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Gene sequencing solves one-fourth of mystery diseases in kids, adults


October 3, 2013
By By Marilynn Marchione The Associated Press

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Photo credit: Maggie Bartlett, National Human Genome Research InstituteOct. 3, 2013 — (Photo: Maggie Bartlett) They were mystery diseases that had stumped doctors for years – adults with strange symptoms and children with neurological problems, mental slowness or muscles too weak to let them stand. Now scientists say they were able to crack a quarter of these cases by decoding the patients' genes.

Their study is the first large-scale effort to move gene sequencing out
of the lab and into ordinary medical care, and it shows that high hopes
for this technology are finally paying off.

“This is a direct
benefit of the Human Genome Project,” the big effort to decode our DNA,
said Dr. Christine M. Eng of Baylor College of Medicine in Houston.
“We're now able to directly benefit patients through more accurate
diagnosis.”

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She led the study, which was published Wednesday by
the New England Journal of Medicine. It gives results on the first 250
patients referred to Baylor for a newer type of sequencing – just the
DNA segments that hold the recipes for all the proteins the body needs.
That's only about one per cent of the whole genome.

Baylor has sequenced more patients beyond those in the study – 1,700 so far – and found gene flaws in one out of four, Eng said.

That
rate will improve as more genes are linked to diseases, but it's
already much higher than the less comprehensive gene tests done now,
said Rebecca Nagy, a scientist at Ohio State University and president of
the National Society of Genetic Counselors.

“For some of these conditions there could be treatments that are lifesaving,” she said.

Already, three people tested at Baylor were found to have a muscle disorder that can cause respiratory problems and even death.

The condition is aggravated by infections and stress, and there are drugs to treat those and prevent serious episodes, Eng said.

In
other cases, having a diagnosis helped parents like Lindsey and Brandon
Collier decide whether to have more children. The Colliers, who live in
Georgetown, Texas, about 30 miles north of Austin, searched for years
for an answer to what was plaguing their son, Cannon, now four years
old.

“He was a pretty floppy baby” with poor muscle tone and
problems eating, Lindsey Collier said. “We weren't getting any answers
and they were just all over the map on everything they were testing
for.”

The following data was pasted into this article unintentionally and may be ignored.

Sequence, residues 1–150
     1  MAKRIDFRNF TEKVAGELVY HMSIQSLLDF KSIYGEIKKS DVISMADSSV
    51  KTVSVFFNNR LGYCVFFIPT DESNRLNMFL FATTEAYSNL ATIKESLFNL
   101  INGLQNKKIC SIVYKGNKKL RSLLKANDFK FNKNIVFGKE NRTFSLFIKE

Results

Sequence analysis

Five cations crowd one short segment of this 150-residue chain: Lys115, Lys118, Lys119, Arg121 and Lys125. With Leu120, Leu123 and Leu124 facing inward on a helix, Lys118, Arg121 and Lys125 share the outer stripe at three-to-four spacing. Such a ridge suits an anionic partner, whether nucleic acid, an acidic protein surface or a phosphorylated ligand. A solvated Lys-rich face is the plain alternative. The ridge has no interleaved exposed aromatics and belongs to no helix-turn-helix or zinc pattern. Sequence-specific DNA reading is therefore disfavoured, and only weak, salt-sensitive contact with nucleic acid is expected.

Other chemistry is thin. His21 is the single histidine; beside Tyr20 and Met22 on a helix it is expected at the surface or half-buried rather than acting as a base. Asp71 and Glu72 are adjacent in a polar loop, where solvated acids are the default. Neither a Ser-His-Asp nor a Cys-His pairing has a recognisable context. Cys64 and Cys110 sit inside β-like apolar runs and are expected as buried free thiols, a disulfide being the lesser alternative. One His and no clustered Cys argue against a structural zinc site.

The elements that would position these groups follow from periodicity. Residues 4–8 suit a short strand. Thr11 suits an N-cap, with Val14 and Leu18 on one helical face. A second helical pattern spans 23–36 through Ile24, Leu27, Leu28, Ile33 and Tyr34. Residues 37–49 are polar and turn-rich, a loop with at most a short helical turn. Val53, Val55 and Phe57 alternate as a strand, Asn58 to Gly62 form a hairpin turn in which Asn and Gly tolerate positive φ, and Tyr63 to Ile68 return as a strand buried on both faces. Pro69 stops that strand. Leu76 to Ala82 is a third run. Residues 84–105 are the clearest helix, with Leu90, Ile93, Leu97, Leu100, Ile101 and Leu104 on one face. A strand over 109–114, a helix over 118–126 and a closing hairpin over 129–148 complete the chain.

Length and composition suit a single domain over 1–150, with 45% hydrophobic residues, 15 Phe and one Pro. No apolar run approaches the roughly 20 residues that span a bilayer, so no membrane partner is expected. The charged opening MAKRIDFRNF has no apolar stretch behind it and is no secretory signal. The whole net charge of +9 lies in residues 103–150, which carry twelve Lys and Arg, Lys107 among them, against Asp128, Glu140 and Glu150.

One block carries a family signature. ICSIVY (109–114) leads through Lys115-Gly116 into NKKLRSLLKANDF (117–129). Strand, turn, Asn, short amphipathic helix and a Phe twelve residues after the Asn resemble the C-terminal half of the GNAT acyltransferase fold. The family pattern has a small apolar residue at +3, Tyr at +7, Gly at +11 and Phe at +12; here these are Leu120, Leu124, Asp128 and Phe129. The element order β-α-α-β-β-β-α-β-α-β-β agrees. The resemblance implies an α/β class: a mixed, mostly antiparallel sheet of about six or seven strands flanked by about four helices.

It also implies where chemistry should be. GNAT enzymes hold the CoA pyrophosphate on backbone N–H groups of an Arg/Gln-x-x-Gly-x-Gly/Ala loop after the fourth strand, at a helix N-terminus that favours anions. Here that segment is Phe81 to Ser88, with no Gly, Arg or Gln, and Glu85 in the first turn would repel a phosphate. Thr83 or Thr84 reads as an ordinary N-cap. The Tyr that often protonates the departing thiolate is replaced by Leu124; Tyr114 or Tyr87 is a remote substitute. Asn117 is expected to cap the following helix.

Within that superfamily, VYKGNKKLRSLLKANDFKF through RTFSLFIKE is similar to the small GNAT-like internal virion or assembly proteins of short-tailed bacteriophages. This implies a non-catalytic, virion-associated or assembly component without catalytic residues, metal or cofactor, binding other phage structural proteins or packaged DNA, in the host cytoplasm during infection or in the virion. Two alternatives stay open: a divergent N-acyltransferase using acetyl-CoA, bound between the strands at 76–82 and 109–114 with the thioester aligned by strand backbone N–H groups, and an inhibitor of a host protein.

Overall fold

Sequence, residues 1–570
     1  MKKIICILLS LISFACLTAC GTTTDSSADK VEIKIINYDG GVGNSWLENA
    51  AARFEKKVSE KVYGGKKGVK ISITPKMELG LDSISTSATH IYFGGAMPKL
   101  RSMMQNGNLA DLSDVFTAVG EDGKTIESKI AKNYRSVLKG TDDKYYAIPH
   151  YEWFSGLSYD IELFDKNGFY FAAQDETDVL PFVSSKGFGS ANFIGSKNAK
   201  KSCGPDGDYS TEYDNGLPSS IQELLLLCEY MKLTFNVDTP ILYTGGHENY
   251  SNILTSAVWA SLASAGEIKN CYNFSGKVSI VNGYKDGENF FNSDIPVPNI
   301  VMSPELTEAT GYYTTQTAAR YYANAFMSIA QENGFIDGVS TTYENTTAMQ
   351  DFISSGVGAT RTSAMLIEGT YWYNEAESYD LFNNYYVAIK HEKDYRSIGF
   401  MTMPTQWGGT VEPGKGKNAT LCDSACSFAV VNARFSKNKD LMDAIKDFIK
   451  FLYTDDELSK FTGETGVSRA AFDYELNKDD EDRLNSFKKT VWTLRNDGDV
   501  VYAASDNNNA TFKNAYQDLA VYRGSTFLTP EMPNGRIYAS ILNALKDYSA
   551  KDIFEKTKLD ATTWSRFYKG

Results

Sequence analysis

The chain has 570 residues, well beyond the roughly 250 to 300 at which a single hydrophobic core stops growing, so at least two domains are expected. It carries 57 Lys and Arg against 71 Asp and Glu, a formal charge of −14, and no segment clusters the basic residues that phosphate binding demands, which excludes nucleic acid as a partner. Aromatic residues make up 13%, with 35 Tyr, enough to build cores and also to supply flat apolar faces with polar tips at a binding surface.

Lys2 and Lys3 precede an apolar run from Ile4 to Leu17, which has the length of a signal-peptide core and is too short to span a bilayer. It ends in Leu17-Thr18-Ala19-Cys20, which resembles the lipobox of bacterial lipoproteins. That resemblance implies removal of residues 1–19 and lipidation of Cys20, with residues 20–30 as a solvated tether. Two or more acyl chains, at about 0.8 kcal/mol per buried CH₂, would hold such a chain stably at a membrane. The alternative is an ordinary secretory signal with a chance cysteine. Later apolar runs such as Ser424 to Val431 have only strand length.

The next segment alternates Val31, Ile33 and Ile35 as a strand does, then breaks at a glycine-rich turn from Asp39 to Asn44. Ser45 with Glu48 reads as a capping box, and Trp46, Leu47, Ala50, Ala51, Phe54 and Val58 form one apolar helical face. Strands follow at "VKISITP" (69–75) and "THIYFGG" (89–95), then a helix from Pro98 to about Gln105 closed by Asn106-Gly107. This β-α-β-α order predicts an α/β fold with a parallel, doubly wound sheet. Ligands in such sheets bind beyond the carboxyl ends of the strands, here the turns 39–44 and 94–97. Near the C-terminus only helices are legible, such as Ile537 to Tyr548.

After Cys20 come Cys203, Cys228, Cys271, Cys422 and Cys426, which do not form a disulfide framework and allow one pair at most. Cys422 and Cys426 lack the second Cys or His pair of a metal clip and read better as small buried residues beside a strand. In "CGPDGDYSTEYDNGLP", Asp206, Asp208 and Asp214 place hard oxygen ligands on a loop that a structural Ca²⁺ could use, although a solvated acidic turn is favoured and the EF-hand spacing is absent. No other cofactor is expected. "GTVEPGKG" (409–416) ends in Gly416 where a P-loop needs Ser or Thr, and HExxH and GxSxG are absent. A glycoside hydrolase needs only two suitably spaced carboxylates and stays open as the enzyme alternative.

“It is a huge weight lifted off our shoulders,” she said of testing at Baylor that found a rare muscle disorder.

Genetic
counsellors said the problem was not likely to occur in other
offspring, so the Colliers had a second child. Their six-week-old
daughter, Smith, is fine, and Cannon is being helped now by intensive
physical therapy and other treatments.

Just having a diagnosis is
very valuable because it ends the expensive and emotionally exhausting
testing that parents go through, said Dr. Robert C. Green, a geneticist
at Brigham and Women's Hospital and Harvard Medical School.

“Many
of these are children or adults that have had a mystery illness for
many years. Their families don't know what it is and they're sort of
desperate for an answer,” and it's not possible to find a treatment
until you find the cause, he said.

In the study of the first 250
patients at Baylor, 62 were found to have gene flaws. In 33 cases, only
one faulty copy of a gene was responsible. In 16 other cases, both
copies of a gene were bad. Four patients had problems in two different
genes. Nine patients had faulty genes on the X chromosome. Since boys
have only one copy of that sex chromosome, those disorders mostly affect
that gender.

Baylor gets revenue from gene testing, and two
study leaders are consultants or paid speakers for gene testing
companies not involved in the study. The government's National Human
Genome Research Institute helped pay for the study, and insurers covered
much of the testing. It cost $7,000 per case, which usually included
sequencing the parents' genes.

The price will drop and the
usefulness will rise over time, Dr. Howard Jacob of the Medical College
of Wisconsin wrote in an editorial in the journal. Several years ago, he
sequenced the genes of a five-year-old Wisconsin boy who suffered from a
rare genetic disease. That unprecedented feat led to a cord blood
transplant and other treatments for the boy.

Other areas of
medicine are exploring gene sequencing. Last month, the government
launched a pilot project to try it for newborn screening. In December,
two studies reported on its use to screen embryos during fertility
treatments, and for figuring out the cause of stillbirths.


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